News Department

Hunterdon County officials warn of scammers pretending to be contact tracers

HUNTERDON COUNTY, NJ – The Hunterdon County Prosecutor’s Office is alerting the public to a recent phone scam directed at residents in Hunterdon County.

According to acting Hunterdon County Prosecutor Michael J. Williams, “We have received reports that residents have been getting phone calls from a person claiming to be from the Hunterdon County Department of Health. These scammers will identify themselves as contact tracers and then try to obtain personal information,”

“It appears these perpetrators are “spoofing” the actual phone numbers of the Department of Health. Spoofing is when a caller deliberately falsifies the information transmitted to your caller ID display to disguise their identity. I want to remind the public to never give out personal information such as bank account number, social security number, or date of birth over the phone. We are actively investigating this crime and will advise the public as we receive more information,” Williams said.

Anyone with information regarding this crime should contact the prosecutors office at 908-788-1129.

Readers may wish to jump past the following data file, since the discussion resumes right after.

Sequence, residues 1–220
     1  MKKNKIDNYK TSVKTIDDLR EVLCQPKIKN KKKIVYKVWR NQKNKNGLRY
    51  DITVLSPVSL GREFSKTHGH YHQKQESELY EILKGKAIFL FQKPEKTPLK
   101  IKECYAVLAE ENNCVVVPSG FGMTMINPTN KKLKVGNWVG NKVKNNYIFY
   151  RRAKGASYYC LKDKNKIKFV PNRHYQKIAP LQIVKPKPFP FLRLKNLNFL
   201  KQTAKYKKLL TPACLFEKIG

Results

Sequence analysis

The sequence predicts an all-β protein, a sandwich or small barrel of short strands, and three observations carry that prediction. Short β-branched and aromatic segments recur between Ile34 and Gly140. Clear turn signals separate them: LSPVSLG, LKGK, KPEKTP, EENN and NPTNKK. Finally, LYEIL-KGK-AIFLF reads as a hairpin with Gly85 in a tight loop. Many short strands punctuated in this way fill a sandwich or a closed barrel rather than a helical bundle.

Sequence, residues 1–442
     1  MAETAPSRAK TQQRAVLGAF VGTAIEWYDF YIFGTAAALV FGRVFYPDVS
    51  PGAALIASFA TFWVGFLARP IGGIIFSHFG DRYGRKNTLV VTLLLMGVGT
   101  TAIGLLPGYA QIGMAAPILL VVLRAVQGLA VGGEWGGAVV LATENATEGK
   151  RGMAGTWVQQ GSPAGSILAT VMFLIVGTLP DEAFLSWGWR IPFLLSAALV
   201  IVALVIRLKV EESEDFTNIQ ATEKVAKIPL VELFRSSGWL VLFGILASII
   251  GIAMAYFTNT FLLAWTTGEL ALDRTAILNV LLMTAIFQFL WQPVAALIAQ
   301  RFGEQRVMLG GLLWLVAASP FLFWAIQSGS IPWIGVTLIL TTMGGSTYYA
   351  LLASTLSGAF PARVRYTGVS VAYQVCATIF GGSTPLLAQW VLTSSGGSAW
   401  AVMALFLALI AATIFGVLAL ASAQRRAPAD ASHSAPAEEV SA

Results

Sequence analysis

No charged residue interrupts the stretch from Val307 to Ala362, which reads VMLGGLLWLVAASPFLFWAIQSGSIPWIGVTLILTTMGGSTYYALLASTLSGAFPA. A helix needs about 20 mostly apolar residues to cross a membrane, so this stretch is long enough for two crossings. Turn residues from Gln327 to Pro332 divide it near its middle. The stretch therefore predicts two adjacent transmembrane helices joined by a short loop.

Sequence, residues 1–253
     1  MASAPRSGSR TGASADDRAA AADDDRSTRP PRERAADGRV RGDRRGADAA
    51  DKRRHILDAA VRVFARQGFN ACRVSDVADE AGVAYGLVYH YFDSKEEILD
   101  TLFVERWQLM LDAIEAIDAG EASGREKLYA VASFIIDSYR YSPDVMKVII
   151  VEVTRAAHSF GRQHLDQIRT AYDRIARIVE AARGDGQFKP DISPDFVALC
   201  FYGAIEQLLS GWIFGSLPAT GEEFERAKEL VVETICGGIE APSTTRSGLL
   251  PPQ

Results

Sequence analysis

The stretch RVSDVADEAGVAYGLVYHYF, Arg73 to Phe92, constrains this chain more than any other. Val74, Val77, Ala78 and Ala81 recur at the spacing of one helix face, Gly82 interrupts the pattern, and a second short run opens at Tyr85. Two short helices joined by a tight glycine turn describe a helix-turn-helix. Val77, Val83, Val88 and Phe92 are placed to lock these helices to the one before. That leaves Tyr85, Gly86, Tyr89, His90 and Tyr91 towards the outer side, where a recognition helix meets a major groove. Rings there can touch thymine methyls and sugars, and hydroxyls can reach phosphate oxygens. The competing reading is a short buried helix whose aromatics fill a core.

The following protocol used by the health department for contact tracing, Williams said, is the the nurses will identify themselves by name and as a nurse from the health department. If they are a confirmed case, the health department will have information regarding their current COVID diagnosis and ask them for names and phone numbers of those who were exposed to them during their infectious period. When a nurse calls the close contacts, they will advise them of their exposure and the recommendation to quarantine. The nurse will also provide them with information about COVID and what to do if they become symptomatic.

The department of health department employees never ask for an individual’s Social Security number, immigration status, credit card or banking information. County health employees do not share any immigration information with federal law enforcement agencies, and getting tested or treated for COVID-19 will not impact an undocumented person’s attempts at permanent U.S. residency, Williams said.

“Contact tracing is vital to saving lives and stopping the spread of this deadly virus. It is understandable that the recent information about these phone scams may be alarming, but it is still important to fully cooperate with health department officials,” Williams said.

Jay Edwards

Born and raised in Northwest NJ, Jay has a degree in Communications and has had a life-long interest in local radio and various styles of music. Jay has held numerous jobs over the years such as stunt car driver, bartender, voice-over artist, traffic reporter (award winning), NY Yankee maintenance crewmember and peanut farm worker. His hobbies include mountain climbing, snowmobiling, cooking, performing stand-up comedy and he is an avid squirrel watcher. Jay has been a guest on America’s Morning Headquarters,program on The Weather Channel, and was interviewed by Sam Champion.

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